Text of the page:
These two reformers are not Mr. Smiths going to Washington, as in the classic movie. Sen. Russell Feingold (D) of Wisconsin and Sen. John McCain (R) of Arizona are traveling from Washington to get us all on their campaign reform bandwagon. They started in democracy's landmark cities of Boston and Philadelphia this week. Their legislation will be passed by the symbolic date of July 4 if 1,776,000 citizens have anything to say about it. That's the minimum number of signatures that Common Cause and other groups are seeking in Project Independence, what they call the largest grass-roots mobilization ever mounted in behalf of campaign finance reform.
Consider this our John Hancock on their petition: "We, the undersigned, in order to reclaim our democracy, demand that Congress declare independence from the influence of special interest money by passing effective bipartisan campaign finance reform by the Fourth of July."
How "effective" any legislation will be is a question. After a plethora of previous laws, political fund-raising has reached the current scandalous proportions.
McCain-Feingold would address a central problem in recent campaign by eliminating "soft" money - unlimited campaign contributions from corporations, labor unions, and fat cats.
It would impose the same limits on contributions to national parties and campaign committees that already apply to individual candidates.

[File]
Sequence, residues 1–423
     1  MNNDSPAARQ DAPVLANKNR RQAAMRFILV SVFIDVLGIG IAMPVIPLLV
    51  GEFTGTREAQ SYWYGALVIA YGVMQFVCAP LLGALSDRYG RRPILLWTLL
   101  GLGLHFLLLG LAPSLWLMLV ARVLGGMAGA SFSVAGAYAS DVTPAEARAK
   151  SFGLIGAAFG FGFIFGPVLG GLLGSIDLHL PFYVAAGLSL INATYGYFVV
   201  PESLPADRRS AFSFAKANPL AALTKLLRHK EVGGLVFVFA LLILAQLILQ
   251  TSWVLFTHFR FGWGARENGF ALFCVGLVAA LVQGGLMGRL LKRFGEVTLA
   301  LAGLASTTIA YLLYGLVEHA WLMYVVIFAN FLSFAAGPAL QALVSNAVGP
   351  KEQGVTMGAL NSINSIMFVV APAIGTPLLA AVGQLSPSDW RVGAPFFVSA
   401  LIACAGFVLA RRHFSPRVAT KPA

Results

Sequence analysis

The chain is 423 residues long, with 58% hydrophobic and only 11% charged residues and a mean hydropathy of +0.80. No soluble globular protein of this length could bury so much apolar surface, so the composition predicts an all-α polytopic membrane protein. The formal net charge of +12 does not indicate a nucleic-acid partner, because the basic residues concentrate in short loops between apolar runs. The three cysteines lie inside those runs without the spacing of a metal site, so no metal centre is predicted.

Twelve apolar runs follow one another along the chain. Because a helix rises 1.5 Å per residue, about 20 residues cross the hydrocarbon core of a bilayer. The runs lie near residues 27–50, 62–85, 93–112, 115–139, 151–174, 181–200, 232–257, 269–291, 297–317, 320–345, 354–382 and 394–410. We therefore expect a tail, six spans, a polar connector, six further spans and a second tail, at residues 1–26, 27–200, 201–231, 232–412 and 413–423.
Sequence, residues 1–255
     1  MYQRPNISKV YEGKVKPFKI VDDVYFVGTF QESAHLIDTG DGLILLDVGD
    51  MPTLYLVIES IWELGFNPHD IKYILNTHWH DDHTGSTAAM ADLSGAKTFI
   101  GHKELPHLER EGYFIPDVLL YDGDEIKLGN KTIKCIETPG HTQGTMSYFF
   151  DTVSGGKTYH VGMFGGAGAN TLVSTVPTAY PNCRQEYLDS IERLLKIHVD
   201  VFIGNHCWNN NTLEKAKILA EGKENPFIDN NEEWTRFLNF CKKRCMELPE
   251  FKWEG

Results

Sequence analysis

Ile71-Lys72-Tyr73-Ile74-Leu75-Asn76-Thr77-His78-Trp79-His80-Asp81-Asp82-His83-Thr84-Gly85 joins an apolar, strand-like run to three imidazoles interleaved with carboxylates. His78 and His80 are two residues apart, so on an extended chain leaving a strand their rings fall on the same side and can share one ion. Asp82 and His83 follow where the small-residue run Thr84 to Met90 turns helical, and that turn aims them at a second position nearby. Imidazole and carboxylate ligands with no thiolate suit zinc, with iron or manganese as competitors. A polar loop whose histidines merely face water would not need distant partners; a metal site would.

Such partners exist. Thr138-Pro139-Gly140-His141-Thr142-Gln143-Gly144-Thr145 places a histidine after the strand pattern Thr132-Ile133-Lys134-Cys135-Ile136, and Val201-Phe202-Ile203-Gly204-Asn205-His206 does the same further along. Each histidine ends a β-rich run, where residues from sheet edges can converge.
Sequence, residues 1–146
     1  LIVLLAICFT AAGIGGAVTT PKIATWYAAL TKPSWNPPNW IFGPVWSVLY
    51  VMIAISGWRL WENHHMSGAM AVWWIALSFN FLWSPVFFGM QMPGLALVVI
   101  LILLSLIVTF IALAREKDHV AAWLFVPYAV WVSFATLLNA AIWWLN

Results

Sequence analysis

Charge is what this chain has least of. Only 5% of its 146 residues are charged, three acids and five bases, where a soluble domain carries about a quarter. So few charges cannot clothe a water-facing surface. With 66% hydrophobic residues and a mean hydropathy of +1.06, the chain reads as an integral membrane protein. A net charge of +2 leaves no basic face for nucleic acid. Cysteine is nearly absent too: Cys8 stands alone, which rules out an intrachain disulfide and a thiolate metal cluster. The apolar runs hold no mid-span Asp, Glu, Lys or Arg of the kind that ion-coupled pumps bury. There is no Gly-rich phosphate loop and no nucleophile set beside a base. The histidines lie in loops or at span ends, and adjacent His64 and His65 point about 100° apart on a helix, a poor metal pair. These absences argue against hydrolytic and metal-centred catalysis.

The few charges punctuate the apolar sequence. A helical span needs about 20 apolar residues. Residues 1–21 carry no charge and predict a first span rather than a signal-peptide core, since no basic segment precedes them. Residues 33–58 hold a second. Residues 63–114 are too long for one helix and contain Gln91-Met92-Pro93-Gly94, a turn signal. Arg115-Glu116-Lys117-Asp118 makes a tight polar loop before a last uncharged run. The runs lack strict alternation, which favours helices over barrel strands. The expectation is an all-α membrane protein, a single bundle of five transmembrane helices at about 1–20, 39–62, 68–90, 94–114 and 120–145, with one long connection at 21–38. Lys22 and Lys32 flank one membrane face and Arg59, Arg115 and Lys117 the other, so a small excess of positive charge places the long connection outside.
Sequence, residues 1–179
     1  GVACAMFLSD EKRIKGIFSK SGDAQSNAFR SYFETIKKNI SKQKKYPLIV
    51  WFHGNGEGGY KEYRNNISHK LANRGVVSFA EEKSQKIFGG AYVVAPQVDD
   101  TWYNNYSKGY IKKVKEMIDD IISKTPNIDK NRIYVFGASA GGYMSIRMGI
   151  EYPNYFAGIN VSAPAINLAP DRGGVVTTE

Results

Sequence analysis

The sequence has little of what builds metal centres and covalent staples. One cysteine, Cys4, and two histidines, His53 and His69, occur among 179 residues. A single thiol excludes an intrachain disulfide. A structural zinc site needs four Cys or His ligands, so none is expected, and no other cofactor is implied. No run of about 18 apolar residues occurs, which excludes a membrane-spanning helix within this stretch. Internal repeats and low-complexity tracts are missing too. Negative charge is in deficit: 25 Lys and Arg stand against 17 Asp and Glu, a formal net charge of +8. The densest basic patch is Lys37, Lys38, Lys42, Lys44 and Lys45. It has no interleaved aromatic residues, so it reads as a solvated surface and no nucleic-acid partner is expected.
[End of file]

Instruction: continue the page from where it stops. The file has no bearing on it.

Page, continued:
And the McCain-Feingold legislation would comply with the Supreme Court ruling against mandatory limits on campaign spending by encouraging candidates to voluntarily limit expenditures through such incentives as a certain amount of television time at discounted rates.
A key point to be argued in Congress is raised by Pete du Pont, former governor of Delaware and GOP candidate for president:
"Instead of super-regulating an already over-regulated activity, require every campaign contribution, hard or soft, direct or indirect, to be reported daily to the Federal Elections Commission by electronic means."
A key point in public perception was indicated by Senator Feingold when he stopped at our editorial offices. He told of the colleague who said he couldn't sponsor the reform law because constituents would think he was a hypocrite. Not, presumably, because of wrongdoing by him but because all the disclosures and would-be coverups of fund-raising excesses have left too many citizens thinking that legal steps are window dressing for entrenched practices.
President Clinton hardly dispelled such impressions when he said he would endorse McCain-Feingold and then threw another lavish fund-raising affair.
Nor does Mr. McCain's home-state paper, the Arizona Republic, when it reports he plans to enlist Sen. Fred Thompson (R) of Tennessee, who heads a Senate committee investigating 1996 campaign finance, in a $500,000 fund-raiser with such perks as dinner at McCain's home for an extra $8,000.
The public is understandably left in doubt when politicians try to frame new rules while seeming to take every advantage of the old. What if we woke up on the Fourth of July and just found everybody doing the right thing, laws or not?